Reducing your environmental impact means putting recycling in perspective. First consider reducing your fuel consumption at home and on the road; think about buying less stuff that you'll ultimately need to either discard or sort for the recycling bin.
But for what you must consume, there are ways to recycle nearly everything.
Curbside collection: Curbside collection of recyclables is mandatory in Pennsylvania communities over 5,000. Many smaller communities do it, too, and most at least provide somewhere to drop off the same newspapers and glass, plastic and metal containers curbside schemes collect.
Tips: Keep all materials free of food and other contaminants; rinse out containers and remove lids and caps (they hinder compaction). But leaving labels on is OK (they are processed out).
Yard waste is one-eighth of all household waste; compost it if you can. Few communities collect leaves, grass and other plant matter curbside, but many operate drop-off sites for their residents. (Leave out rocks, dirt and lumber.)
Food scraps are 12.5 percent of household waste, but only a handful of municipalities (such as San Francisco) collect it. Consider backyard composting or vermiculture -- keeping worms who'll turn your apple cores into rich fertilzer.
Household Hazardous Waste. The average Pennsylvanian annually produces about four pounds of unregulated hazardous materials, including cleaners, automotive fluids, painting supplies and lawn chemicals. Don't throw these poisons out. The Southwestern PA Household Hazardous Waste Task Force (412-488-7452; www.swpahhw.org) holds monthly regional collections. (The next one is 9 a.m.-1 p.m. Sat., April 26, at Settlers Cabin Park Wave Pool.) There's a $2-a-gallon disposal fee.
Freon appliances. Some municipalities, including Pittsburgh, collect furniture and some appliances as bulk waste, but not refrigerators or air-conditioners. Instead, contact Construction Junction (412-243-5025) or Appliance Warehouse (412-381-8800).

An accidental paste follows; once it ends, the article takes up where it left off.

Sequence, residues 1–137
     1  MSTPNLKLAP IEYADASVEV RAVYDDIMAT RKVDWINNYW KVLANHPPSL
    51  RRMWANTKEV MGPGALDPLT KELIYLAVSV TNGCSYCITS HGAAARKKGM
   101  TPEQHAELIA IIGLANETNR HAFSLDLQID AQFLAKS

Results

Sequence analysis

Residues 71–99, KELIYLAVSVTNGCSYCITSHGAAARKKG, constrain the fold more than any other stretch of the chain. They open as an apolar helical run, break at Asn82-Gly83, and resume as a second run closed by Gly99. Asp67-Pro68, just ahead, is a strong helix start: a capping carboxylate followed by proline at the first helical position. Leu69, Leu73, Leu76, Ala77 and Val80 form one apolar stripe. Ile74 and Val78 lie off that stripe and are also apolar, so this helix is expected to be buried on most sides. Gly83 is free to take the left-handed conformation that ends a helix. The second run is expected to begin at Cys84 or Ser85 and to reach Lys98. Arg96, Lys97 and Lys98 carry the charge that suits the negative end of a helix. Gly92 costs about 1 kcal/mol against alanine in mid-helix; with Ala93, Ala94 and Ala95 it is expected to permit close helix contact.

Building materials. Construction Junction (412-243-5025), in North Point Breeze, takes donations of used building materials, fixtures and appliances in good reusable condition, with free pick-up for big donations.
Computers and other electronics. These are full of valuable (and often toxic) metals, but difficult to disassemble. Some manufacturers, including Dell, take back their wares for recycling. Goodwill agencies accept computer donations. Retail outlets including Staples take machines for a fee -- typically, $10 each for a hard drive, monitor or printer. Pittsburgh-based ComReCycle (412-403-8280) also accepts materials for a fee.
Batteries. Best Buy, Staples and Radio Shack are among the retail outlets that accept used dry-cell household batteries. So does the Southwestern PA Household Hazardous Waste Task Force (see above).
More information. The Allegheny County Health Department (412-578-8390) publishes "Recycle Together," a 20-page brochure on recycling everything from videotapes to propane tanks. Earth 911, a national nonprofit group, hosts a Web site (Earth911.org) that provides recycling resources by ZIP code. Web sites like freecyle.org help you give away unwanted item for reuse.